Influence of sequential oligopeptide carriers on the bioactive structure of conjugated epitopes

Comparative study of the conformation of a herpes simplex virus glycoprotein gD-1 epitope in the free and conjugated form, and protein "built-in" crystal structure

Dimitrios Krikorian, Athanassios Stavrakoudis, Nikolaos Biris, Constantinos Sakarellos, David Andreu, Eliandre De Oliveira, Gábor Mezö, Zsuzsa Majer, Ferenc Hudecz, Sytske Welling-Wester, Manh Thong Cung, Vassilios Tsikaris

Research output: Contribution to journalArticle

4 Citations (Scopus)

Abstract

Synthetic carriers play an important role in immunogen presentation, due to their ability of inducing improved and specific responses to conjugated epitopes. Their influence on the bioactive conformation of the epitope, though admittedly crucial for relevant in vitro and in vivo applications, is difficult to evaluate, given the usual lack of information on the complex conformational features determined by the nature of the carrier and the mode of ligation. Using the Herpes simplex virus glycoprotein D-1 epitope (Leu9-Lys-Nle-Ala- Asp-Pro-Asn-Arg-Phe-Arg-Gly-Lys-Asp-Leu22) as a model, we have performed a detailed conformational analysis on the free epitope peptide in solution and on three constructs in which the epitope was conjugated to sequential oligopeptide carriers {Ac-[Lys-Aib-Gly]4-OH (SOC 4)} (through either a thioether or an amide bond; Ac: acetyl) and polytuftsin oligomers {H-[Thr-Lys-Pro-Lys-Gly]4-NH2 (T20)}, (through a thioether bond). The analysis of the epitope conformation in the parent protein, in carrier-conjugated and free form, suggests that the β-turn structure of the -Asp13-Pro-Asn-Arg16- segment is highly conserved and independent of the epitope form. However, small conformational variations were observed at the C-terminal part of the epitope, depending on the nature of the carrier.

Original languageEnglish (US)
Pages (from-to)383-399
Number of pages17
JournalBiopolymers - Peptide Science Section
Volume84
Issue number4
DOIs
StatePublished - 2006
Externally publishedYes

Fingerprint

Epitopes
Oligopeptides
Glycoproteins
Viruses
Conformations
Crystal structure
Proteins
glycyl-glycyl-glycyl-glycine
Sulfides
glycoprotein gD, herpes simplex virus type 1
Amides
Oligomers
Peptides
Ligation
Carrier Proteins

Keywords

  • Carrier-conjugated epitopes
  • Conformation of conjugated epitope peptides
  • Glycoprotein D-1 epitope
  • Sequential oligopeptide carriers
  • Synthetic carriers
  • Tetratuftsin carrier

ASJC Scopus subject areas

  • Biochemistry, Genetics and Molecular Biology(all)
  • Biochemistry
  • Biophysics

Cite this

Influence of sequential oligopeptide carriers on the bioactive structure of conjugated epitopes : Comparative study of the conformation of a herpes simplex virus glycoprotein gD-1 epitope in the free and conjugated form, and protein "built-in" crystal structure. / Krikorian, Dimitrios; Stavrakoudis, Athanassios; Biris, Nikolaos; Sakarellos, Constantinos; Andreu, David; De Oliveira, Eliandre; Mezö, Gábor; Majer, Zsuzsa; Hudecz, Ferenc; Welling-Wester, Sytske; Cung, Manh Thong; Tsikaris, Vassilios.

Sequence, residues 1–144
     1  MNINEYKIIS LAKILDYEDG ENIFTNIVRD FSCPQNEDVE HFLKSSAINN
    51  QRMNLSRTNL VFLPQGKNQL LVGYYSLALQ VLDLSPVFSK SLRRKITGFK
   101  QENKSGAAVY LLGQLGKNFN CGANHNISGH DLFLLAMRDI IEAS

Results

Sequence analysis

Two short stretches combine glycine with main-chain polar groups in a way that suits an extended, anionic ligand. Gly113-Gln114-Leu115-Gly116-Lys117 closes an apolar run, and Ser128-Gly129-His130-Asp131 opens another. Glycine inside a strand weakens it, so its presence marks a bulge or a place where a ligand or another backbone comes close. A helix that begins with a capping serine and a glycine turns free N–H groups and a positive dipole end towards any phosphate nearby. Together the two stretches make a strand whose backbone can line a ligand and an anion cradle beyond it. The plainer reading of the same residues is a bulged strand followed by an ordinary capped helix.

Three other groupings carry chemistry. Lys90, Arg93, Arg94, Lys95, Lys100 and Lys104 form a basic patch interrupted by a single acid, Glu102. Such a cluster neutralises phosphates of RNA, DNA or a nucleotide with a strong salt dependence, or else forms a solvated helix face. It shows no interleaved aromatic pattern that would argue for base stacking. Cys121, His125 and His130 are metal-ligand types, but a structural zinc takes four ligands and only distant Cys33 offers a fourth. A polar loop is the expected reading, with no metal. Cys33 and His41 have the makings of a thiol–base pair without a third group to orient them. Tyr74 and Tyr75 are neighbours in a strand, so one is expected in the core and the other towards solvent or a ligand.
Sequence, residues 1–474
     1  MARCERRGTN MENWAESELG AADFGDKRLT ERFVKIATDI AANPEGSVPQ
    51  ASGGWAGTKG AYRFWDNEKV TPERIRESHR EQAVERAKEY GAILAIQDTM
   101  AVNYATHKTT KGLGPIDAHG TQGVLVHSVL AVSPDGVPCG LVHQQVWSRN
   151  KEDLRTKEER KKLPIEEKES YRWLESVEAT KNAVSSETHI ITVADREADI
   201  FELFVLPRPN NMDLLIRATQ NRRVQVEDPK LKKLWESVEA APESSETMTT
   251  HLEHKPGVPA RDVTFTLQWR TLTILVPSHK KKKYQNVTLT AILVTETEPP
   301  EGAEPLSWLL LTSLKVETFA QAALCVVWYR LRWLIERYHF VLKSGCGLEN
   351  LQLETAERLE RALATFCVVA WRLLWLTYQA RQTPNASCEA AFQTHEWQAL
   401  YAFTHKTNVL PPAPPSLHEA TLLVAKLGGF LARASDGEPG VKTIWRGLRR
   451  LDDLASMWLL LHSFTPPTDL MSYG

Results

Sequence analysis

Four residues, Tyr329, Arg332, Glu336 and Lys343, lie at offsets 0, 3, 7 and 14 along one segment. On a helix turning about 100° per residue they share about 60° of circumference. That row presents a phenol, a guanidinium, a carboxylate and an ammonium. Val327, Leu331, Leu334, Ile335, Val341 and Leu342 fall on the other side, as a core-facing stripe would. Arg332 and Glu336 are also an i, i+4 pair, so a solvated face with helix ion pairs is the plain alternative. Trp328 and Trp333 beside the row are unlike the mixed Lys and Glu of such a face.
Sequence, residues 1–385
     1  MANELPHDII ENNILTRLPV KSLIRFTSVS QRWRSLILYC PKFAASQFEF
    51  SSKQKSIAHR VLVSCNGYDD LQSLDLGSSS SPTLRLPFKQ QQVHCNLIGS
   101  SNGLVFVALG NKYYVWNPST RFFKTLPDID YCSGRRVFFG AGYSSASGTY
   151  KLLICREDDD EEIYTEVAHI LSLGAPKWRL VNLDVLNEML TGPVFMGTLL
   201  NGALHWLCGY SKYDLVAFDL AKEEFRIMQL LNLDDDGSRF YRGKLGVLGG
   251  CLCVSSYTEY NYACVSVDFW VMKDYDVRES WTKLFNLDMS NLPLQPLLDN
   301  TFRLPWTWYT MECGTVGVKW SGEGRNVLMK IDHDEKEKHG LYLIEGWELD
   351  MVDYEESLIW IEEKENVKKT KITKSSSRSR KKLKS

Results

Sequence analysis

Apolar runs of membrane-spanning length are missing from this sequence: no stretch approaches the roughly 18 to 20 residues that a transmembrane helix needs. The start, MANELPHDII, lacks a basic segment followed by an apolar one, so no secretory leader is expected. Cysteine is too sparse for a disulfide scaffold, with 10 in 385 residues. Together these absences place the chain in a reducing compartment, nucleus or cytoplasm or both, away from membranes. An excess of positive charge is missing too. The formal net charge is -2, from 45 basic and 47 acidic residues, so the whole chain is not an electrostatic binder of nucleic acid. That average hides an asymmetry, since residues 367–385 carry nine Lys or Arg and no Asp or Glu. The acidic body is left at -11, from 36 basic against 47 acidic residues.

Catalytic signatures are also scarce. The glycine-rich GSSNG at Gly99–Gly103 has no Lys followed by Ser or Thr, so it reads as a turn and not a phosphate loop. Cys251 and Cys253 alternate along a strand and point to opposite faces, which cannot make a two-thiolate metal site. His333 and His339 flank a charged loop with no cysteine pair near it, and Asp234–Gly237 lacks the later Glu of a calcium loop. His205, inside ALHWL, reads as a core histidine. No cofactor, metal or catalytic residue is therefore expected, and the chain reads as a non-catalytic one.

In: Biopolymers - Peptide Science Section, Vol. 84, No. 4, 2006, p. 383-399.

Research output: Contribution to journalArticle

Krikorian, Dimitrios ; Stavrakoudis, Athanassios ; Biris, Nikolaos ; Sakarellos, Constantinos ; Andreu, David ; De Oliveira, Eliandre ; Mezö, Gábor ; Majer, Zsuzsa ; Hudecz, Ferenc ; Welling-Wester, Sytske ; Cung, Manh Thong ; Tsikaris, Vassilios. / Influence of sequential oligopeptide carriers on the bioactive structure of conjugated epitopes : Comparative study of the conformation of a herpes simplex virus glycoprotein gD-1 epitope in the free and conjugated form, and protein "built-in" crystal structure. In: Biopolymers - Peptide Science Section. 2006 ; Vol. 84, No. 4. pp. 383-399.
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AU - Andreu, David

AU - De Oliveira, Eliandre

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AB - Synthetic carriers play an important role in immunogen presentation, due to their ability of inducing improved and specific responses to conjugated epitopes. Their influence on the bioactive conformation of the epitope, though admittedly crucial for relevant in vitro and in vivo applications, is difficult to evaluate, given the usual lack of information on the complex conformational features determined by the nature of the carrier and the mode of ligation. Using the Herpes simplex virus glycoprotein D-1 epitope (Leu9-Lys-Nle-Ala- Asp-Pro-Asn-Arg-Phe-Arg-Gly-Lys-Asp-Leu22) as a model, we have performed a detailed conformational analysis on the free epitope peptide in solution and on three constructs in which the epitope was conjugated to sequential oligopeptide carriers {Ac-[Lys-Aib-Gly]4-OH (SOC 4)} (through either a thioether or an amide bond; Ac: acetyl) and polytuftsin oligomers {H-[Thr-Lys-Pro-Lys-Gly]4-NH2 (T20)}, (through a thioether bond). The analysis of the epitope conformation in the parent protein, in carrier-conjugated and free form, suggests that the β-turn structure of the -Asp13-Pro-Asn-Arg16- segment is highly conserved and independent of the epitope form. However, small conformational variations were observed at the C-terminal part of the epitope, depending on the nature of the carrier.

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